When not off and about frightening young children with the threats of hellfire and damnation, it seems evangelicals have taken a likin’ to another captive audience: inmates.
Life was different in Unit E at the state prison outside Newton, Iowa.
The toilets and sinks, white porcelain ones, like at home, were in a separate bathroom with partitions for privacy. In many Iowa prisons, metal toilet-and-sink combinations squat beside the bunks, to be used without privacy, a few feet from cellmates.
The cells in Unit E had real wooden doors and doorknobs, with locks. More books and computers were available, and inmates were kept busy with classes, chores, music practice and discussions. There were occasional movies and events with live bands and real-world food, like pizza or sandwiches from Subway. Best of all, there were opportunities to see loved ones in an environment quieter and more intimate than the typical visiting rooms.
But the only way an inmate could qualify for this kinder mutation of prison life was to enter an intensely religious rehabilitation program and satisfy the evangelical Christians running it that he was making acceptable spiritual progress.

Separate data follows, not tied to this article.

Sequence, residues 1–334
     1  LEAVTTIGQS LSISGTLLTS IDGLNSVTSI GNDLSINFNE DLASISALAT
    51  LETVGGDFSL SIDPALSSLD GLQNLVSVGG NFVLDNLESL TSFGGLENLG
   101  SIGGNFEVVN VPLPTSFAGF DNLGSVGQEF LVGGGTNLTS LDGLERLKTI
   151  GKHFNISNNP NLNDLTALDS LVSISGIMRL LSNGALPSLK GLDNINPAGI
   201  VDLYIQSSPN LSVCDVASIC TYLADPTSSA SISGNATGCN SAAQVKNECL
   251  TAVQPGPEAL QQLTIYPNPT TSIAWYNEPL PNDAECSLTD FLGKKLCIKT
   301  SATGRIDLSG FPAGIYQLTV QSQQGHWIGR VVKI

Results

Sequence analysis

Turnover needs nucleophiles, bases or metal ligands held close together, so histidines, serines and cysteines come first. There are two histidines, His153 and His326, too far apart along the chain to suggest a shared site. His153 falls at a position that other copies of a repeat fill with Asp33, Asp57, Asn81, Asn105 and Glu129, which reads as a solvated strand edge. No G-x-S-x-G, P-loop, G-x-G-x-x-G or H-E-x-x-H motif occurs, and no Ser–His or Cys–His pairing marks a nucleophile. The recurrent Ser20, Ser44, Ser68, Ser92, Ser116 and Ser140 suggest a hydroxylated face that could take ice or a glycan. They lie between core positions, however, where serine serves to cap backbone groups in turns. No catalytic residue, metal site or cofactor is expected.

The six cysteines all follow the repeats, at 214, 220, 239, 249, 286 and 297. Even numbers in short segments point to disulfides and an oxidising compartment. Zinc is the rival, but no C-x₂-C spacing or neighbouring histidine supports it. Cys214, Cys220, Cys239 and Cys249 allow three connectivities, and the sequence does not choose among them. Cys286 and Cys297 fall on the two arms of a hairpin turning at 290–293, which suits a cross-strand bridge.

“Acceptable spiritual progress?” What, exactly, is the metric by which one evaluates such a thing? Ah, yes, “is the prisoner parroting the same nonsense I’ve been spewing at him for six months?”
Hey, I’m fine with prisons teaching skills that are valuable on the outside, for the drive to rehabilitate rather than just punish and release, but this is one of those cases in which “god is for suckers” comes to mind. Let’s see, I pretend to have found Jesus and I get special treatment; I don’t find Jesus and it’s time to piss in a shiny metal bowl every morning and stare at cinder blocks for fun.
The prisons are already full of self-professed Christians. Perhaps if we want to see a real change, we should be teaching them that god is a myth and all we have is one another.
Nah, the churches would never allow that: no money in it.